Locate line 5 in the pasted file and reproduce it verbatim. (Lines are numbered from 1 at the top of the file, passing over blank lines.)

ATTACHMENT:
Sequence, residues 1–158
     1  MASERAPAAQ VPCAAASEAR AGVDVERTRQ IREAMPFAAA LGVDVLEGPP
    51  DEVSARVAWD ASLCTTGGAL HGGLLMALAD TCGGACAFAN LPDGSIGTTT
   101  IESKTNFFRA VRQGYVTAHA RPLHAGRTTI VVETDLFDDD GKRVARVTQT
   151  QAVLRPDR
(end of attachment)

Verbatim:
   151  QAVLRPDR